A Magazine About Food, Art & Exchange In Midtown Kingston, Published By The Hudson Valley Current.


Compiled By Jodi La Marco

Liz Harrington launched Local Home Check last year to give second home residents a way to protect their investment, minimize damage from the unexpected, and deepen their connections to the Hudson Valley.  We checked in with her to learn about her services and why she uses our region’s local currency, the Current, as part of her business.  

What’s your background? 
We’ve lived in the area for almost 10 years, but it’s only been in the last two that we’ve tried to make our entire living locally. I had a career for over 20 years in the for-profit world, mostly for major media companies, but also for digital startups and interactive video. I did business development and managed key relationships. That’s where I’ve always found my niche. I look at industries to figure out how to make a business more efficient or grow a product in a particular area. I studied anthropology 1,000 years ago, so I was looking at the culture and ecosystem. I was figuring out where there were synergies and opportunities, as well as areas we might want to shy away from. Doing this sort of strategic business development was very successful in the for-profit world, but on a local level, it was a little tricky. I had these great skills, but where could I apply them in a way that could sustain my family financially?

Why did you decide to launch Local Home Check?
Over the years, I’ve met this incredible network of Hudson Valley talent. That’s when I started to see an opportunity. We have all of these wonderful services in the area, but we also have a major issue happening here: the movement of New York City money coming from second home owners. They’re sitting on our economy, but are they contributing to it in a way that gives it long-term economic stability? I really feel that this is about embracing the shift that’s happening in our economy, and finding a way to thread a nice line between our local businesses and the new money coming in. The world is changing quickly here in the Hudson Valley. How do we do this in a way that’s productive for all involved?

How does Local Home Check work?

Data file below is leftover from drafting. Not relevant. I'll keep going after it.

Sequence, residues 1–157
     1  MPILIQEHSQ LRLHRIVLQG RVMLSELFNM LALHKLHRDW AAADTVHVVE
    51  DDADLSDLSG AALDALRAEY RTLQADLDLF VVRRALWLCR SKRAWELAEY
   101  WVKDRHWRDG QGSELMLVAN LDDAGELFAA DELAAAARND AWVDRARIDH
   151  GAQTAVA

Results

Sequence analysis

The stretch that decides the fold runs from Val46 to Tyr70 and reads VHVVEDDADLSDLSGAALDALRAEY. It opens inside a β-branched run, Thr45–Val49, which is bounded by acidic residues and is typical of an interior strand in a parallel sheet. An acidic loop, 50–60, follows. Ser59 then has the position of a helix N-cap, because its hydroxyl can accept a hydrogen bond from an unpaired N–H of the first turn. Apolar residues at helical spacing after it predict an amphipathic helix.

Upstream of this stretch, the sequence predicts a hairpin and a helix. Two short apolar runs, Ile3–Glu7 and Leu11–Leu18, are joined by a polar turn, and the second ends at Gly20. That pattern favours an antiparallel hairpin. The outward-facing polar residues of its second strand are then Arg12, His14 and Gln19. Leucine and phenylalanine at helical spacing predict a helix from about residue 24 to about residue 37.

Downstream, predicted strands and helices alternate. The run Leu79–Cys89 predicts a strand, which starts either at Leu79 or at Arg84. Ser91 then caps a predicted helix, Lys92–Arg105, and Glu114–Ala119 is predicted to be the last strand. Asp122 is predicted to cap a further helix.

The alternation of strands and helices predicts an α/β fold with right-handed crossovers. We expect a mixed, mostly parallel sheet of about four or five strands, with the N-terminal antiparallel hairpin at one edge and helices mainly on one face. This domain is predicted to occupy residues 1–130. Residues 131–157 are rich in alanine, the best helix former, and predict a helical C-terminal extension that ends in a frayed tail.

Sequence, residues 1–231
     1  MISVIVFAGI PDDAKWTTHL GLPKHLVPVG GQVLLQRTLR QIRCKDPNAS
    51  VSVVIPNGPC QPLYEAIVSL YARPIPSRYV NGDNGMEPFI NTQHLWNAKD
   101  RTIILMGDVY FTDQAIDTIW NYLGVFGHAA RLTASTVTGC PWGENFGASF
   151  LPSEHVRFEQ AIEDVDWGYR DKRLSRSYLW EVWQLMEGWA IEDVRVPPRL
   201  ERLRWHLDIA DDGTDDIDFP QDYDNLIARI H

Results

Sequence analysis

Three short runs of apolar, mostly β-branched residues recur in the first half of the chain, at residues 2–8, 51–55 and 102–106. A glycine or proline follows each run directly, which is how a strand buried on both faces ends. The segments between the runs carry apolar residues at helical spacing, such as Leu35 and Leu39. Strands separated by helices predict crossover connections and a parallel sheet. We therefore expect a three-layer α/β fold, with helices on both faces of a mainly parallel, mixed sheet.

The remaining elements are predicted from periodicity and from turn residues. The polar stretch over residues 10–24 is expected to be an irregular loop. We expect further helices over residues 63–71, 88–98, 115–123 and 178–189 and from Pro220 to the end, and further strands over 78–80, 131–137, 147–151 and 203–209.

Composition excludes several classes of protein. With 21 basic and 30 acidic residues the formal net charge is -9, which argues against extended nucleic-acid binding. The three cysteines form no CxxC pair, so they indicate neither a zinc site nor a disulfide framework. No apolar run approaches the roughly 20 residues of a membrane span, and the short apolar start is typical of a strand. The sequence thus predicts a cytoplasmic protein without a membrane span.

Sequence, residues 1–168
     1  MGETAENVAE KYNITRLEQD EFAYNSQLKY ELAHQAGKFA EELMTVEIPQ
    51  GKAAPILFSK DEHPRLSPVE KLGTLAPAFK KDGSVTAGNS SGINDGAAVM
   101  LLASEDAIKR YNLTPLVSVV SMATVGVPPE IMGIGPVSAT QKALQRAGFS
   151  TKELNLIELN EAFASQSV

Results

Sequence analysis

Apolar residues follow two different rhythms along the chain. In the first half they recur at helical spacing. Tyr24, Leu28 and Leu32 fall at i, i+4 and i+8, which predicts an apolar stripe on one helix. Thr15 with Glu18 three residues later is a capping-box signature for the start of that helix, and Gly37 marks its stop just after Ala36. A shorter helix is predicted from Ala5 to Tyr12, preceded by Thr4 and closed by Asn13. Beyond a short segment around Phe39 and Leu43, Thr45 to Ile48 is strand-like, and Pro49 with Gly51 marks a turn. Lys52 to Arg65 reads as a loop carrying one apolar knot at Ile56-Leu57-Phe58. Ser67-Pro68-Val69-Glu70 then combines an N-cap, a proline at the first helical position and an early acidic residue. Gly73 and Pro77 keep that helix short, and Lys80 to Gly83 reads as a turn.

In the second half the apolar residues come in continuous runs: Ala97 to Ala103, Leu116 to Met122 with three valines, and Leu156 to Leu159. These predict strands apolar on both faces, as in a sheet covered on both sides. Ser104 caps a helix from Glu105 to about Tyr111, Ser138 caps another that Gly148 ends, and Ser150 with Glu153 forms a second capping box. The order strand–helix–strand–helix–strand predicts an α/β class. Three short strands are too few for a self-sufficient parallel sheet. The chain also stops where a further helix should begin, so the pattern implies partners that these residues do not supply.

We perform a weekly home check based on a custom checklist, involving an interior and exterior search. Homeowners get reports emailed to them with photographs, and any issues are flagged. When something goes wrong, they have real proof for their insurance companies that someone was there looking out for their house. To complement the report we offer concierge services, like research on vendors such as plumbers, landscape architects, and poison ivy control. And we don’t just find service providers for common problems. For example, I have a client who will be coming up for two or three bursts over the summer and wanted to know what local summer camps are available.

What happens if you find a problem?
When we find a problem—say, an insect infestation—we can get an exterminator in for them right away. Some homeowners don’t want to deal with problems that arise, and they pay us a monthly fee to handle things for them. Others want to be a little more hands-on. We’re also insured and bonded. So, if something were to go wrong because of something that Local Home Check did, homeowners are covered. 

What other services do you provide?
We offer keyholder services. We can greet guests, and when they leave, we make sure things are locked up correctly. We can also be present to meet a service professional or receive deliveries. 

What do you love most about the Hudson Valley Current?|
As a new economy pollinator with the Current, I was already working to nurture local connections, find synergies between local businesses and vet service providers. I’m a business pollinator, so I engage with local business owners. Before long, I saw that service gap, pulled together a team, and now I have this wonderful network. And that’s what the Current gave me: this great network of local experts, producers, and service providers. 

How does your business support the local economy, and how does your business help with the movement to revitalize the Hudson Valley?
In my work with the Hudson Valley Current, I was already working to nurture connections between local businesses. Currents were a foot in the door for me to work with many local businesses. Now I’m fully focused on what I call “boots on the ground” economic development. 

We launched Local Home Check only a few months ago, but we already have clients, and we’re already bringing business to this wonderful community. Now I’m putting my money where my mouth is for economic development because I’m bringing real work, real jobs, and real income to local business owners.